Wednesday, December 30, 2009

Anchoring - final words

If you believe another vessel is preparing to anchor too close to you, it is your obligation to so advise the other yacht, and to require them to anchor elsewhere. Stewing about it isn't enough.

It is surprising how often a yacht will enter a large anchorage and anchor near the only other yacht anchored there, close enough to hear conversation. Better to assume the other yacht is happy to have its privacy.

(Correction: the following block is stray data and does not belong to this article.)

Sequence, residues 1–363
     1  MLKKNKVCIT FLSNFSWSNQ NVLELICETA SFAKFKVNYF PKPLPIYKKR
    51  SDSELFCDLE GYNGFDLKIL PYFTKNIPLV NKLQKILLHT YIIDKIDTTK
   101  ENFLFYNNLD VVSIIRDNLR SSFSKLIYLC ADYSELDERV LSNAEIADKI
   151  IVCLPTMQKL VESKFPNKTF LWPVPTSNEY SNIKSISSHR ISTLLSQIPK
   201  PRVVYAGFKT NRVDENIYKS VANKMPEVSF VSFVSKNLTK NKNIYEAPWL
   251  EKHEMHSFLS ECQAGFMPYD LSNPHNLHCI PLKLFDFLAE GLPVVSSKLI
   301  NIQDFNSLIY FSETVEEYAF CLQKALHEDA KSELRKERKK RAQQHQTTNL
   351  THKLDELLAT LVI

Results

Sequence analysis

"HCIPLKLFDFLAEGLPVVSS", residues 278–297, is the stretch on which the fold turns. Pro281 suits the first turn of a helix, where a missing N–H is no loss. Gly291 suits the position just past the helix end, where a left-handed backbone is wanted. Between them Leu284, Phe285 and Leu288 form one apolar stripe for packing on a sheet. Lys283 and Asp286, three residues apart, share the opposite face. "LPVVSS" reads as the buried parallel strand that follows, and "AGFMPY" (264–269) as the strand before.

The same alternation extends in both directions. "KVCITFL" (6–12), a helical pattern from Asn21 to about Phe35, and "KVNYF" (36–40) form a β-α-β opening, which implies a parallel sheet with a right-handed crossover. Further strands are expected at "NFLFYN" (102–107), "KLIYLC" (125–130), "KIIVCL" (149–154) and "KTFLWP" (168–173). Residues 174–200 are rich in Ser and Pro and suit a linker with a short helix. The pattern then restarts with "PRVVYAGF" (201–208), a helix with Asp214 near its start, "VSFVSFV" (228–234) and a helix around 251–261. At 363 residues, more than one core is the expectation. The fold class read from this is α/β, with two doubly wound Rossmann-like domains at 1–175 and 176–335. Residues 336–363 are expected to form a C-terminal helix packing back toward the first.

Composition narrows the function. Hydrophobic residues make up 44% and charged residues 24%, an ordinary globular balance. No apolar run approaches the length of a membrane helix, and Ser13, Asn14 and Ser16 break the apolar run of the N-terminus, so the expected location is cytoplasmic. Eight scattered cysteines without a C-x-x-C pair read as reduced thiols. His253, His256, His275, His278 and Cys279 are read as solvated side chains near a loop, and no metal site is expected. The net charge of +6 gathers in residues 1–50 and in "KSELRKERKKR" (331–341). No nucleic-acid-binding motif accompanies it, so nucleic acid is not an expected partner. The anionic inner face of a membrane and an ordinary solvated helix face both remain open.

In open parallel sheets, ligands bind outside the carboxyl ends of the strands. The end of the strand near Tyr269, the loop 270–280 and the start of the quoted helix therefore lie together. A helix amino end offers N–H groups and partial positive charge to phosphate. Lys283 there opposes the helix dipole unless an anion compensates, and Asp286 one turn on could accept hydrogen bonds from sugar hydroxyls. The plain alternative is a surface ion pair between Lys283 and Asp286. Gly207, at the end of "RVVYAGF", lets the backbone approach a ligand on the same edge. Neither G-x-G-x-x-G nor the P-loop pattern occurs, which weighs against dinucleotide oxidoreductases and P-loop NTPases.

It's fun to squeeze into an anchorage full of happy yachts, but use caution. Once, cruising with a seasoned skipper, we entered a tight Maine harbor and picked up a mooring with a nice new pennant. The moorings were said to be granite block sunk in mud, all new that year - who could ask for better? But we shifted to another mooring, similar configuration, also new, but heavier.

An hour later a squall blew up and ashore someone claimed 60 knots of wind. We sawed from side to side and lay over maybe 25 degrees on the mooring. Some daysailors sank on the mooring. I keep that experience in mind when choosing an anchoring hole. If we'd been at anchor in some crowded harbor, there would have been trouble.

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